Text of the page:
For example, I’m writing this post at 4:15 a.m. I woke up at 3:30, and was so wide awake that I knew I’d never get back to sleep. Instead of lying in bed, fuming about the lost hours of sleep (which I really need), I hopped out of bed and headed to my office.

Instead of feeling that I lost that time, I feel like I’ve gained precious time. I cleared out some emails, I took some notes (zoikes, I love to take notes), I cleaned off my desk, and I got a jump on my day by drafting this post.

(Because I knew I’d be up until morning, I’m doing mental work. If it were 1:00 a.m., and I thought I might be able to go back to sleep, I wouldn’t do any thinking – I’d be tidying up the apartment instead, a task that doesn’t roil the brain.)

A friend told me that when his kids were younger, he and his wife would try desperately to sleep late on the weekends, but their kids were up by 5:30 or 6:00 a.m. After months of frustration, he decided to give up the dream of extra sleep. He’d get up, get the kids dressed, and take them to the park so his wife, at least, could stay in bed.

Those mornings turned into a highlight of that time of his life – the early morning light, the quiet streets and empty playground, the time alone with his sons.

I suppose “re-framing” is a more scientific way of saying, “If life gives you lemons, make lemonade.” But just because a piece of advice can be found on a Snoopy poster doesn’t mean that it’s not worth trying.

Another fun thing I’m doing, up in the middle of the night, is cruising around the Internet and stopping at sites I’ve never explored before. I don’t have any particular reason to be reading the Deception Blog, but what a treat to feel like I have the time to explore all the interesting material there.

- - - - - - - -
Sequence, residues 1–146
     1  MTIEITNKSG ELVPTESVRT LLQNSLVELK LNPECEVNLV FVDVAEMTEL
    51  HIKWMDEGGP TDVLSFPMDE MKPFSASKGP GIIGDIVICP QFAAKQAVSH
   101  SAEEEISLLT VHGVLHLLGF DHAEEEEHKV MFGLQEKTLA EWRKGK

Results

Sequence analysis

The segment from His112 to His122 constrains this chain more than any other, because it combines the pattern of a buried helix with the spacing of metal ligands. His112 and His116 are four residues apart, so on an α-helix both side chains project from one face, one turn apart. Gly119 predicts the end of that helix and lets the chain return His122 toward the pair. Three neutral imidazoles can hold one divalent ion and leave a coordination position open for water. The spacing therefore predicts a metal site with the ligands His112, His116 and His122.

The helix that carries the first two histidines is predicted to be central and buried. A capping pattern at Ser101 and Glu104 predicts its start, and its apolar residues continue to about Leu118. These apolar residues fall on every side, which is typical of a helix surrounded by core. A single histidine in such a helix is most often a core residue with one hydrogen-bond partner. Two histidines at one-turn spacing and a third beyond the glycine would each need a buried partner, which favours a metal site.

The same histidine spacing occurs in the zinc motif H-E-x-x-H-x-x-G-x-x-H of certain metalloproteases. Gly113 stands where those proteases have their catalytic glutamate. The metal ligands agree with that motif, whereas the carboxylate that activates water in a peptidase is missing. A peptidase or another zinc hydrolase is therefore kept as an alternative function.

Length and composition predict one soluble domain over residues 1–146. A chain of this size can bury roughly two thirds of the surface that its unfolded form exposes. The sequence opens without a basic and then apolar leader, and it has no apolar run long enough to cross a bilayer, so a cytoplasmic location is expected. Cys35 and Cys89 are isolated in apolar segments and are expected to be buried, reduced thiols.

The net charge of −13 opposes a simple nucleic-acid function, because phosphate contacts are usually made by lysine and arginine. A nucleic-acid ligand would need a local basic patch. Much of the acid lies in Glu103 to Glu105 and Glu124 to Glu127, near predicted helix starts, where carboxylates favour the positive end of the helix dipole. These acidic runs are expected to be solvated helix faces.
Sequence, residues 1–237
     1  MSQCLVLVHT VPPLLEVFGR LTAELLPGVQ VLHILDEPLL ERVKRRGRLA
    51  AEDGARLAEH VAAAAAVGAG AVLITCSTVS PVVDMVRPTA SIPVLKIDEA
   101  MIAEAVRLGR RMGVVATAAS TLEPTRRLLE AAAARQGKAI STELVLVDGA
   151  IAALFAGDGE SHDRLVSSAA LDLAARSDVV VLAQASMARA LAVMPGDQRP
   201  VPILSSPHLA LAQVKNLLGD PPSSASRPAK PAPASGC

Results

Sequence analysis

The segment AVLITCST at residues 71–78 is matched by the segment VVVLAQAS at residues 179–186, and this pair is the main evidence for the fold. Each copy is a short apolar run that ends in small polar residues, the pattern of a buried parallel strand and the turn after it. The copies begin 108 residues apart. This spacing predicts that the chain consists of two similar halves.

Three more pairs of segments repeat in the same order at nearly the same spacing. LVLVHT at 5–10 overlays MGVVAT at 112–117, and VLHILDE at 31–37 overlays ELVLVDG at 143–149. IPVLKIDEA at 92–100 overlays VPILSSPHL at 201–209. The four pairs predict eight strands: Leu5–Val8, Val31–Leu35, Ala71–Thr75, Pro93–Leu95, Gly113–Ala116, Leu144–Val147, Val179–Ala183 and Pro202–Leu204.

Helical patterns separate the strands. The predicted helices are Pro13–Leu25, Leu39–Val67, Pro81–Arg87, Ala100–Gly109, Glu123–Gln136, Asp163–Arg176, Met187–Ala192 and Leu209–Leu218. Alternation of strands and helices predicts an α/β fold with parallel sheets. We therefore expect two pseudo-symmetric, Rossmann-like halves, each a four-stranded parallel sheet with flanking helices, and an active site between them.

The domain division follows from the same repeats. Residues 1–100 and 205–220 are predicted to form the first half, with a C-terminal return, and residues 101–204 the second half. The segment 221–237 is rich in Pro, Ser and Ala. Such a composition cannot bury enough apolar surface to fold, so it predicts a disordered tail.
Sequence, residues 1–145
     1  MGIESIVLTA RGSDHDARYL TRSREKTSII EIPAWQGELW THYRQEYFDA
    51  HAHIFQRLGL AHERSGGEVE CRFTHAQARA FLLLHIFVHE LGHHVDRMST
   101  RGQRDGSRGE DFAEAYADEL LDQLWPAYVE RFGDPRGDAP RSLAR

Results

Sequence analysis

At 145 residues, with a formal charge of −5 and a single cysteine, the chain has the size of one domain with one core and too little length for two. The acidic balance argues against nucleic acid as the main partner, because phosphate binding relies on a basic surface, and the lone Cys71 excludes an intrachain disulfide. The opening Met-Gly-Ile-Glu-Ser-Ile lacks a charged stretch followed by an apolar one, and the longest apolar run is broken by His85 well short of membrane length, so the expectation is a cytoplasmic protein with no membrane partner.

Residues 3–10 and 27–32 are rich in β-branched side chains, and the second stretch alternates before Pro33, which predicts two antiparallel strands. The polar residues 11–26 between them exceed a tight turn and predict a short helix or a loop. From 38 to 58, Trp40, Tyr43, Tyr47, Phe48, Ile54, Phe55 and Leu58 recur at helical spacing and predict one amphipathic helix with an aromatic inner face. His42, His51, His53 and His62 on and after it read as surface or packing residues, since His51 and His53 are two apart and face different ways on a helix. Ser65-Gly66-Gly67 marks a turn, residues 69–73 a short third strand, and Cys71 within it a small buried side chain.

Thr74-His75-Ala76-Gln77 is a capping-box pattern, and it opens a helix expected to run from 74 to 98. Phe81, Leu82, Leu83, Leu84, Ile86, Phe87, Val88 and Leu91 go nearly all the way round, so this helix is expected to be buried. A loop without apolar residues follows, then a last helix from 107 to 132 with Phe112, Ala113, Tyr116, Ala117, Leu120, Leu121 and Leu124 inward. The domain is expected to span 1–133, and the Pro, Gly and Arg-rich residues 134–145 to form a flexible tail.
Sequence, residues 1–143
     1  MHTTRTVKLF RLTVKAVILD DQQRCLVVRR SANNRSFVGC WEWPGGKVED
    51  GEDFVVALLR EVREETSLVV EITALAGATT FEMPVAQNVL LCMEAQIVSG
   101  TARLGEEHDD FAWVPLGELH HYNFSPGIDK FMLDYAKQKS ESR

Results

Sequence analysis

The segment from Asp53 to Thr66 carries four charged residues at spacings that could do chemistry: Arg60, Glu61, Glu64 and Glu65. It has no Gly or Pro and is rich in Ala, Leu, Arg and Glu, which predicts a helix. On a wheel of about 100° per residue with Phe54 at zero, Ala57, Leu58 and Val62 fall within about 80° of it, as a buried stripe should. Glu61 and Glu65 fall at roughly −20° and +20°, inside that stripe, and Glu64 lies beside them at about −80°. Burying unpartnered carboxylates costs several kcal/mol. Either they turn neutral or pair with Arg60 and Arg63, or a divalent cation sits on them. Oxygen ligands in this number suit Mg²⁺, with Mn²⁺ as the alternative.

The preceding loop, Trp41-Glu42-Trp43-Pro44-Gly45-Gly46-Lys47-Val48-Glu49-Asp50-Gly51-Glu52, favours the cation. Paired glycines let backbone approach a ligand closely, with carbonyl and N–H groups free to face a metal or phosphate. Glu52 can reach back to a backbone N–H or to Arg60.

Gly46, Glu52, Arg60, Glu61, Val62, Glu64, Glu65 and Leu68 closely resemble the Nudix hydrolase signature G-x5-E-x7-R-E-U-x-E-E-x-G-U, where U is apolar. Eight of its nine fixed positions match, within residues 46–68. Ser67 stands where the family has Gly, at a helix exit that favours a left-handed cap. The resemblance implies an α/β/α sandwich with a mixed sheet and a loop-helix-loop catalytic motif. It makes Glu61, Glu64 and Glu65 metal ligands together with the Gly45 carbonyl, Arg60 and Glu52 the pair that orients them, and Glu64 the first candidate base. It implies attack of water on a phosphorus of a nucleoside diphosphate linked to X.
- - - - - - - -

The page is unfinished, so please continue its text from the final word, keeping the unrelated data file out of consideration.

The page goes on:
A key to happiness: figuring out to keep your resolutions.

Jiminycricket_2Before I started my Happiness Project, I — like everyone — had repeatedly made resolutions to make positive changes in my life.

Since I started the Happiness Project, I’ve managed to do a better sticking to these resolutions. Recently I asked myself—why? What was different? Two reasons: accountability and salience.

ACCOUNTABILITY is a key aspect to sticking to a resolution. You must have a way to record your goals, your successes, and your failures. I make a big chart each month, modeled on the virtue chart Benjamin Franklin describes in his Autobiography, on which I score myself each day.

Many readers have asked to see my scoring charts, so I’m prettifying them now, and will make them available soon for anyone who’d like to see a model. Obviously everyone’s resolutions will be very different, but seeing my charts might help spur ideas.

SALIENCE is another key aspect to sticking to a resolution. I found that the more quickly and readily a resolution pops into my mind at an appropriate point, the easier it is to keep that resolution. And the way to keep an idea uppermost in mind is through repetition.

I re-read my Twelve Commandments (see left-hand column) every day. I have sticky notes around the house to remind me of my resolutions. Scoring myself on my chart requires me to review every resolution, every day.

As a result, I hear a little Jiminy-Cricket voice in my head whispering “Let it go,” “Show up,” “There is only love,” “Remember the evening tidy-up,” “Sing in the morning,” and all the rest as I go through my day. Of course, I often ignore that little voice, but at least I hear it more clearly than I did before.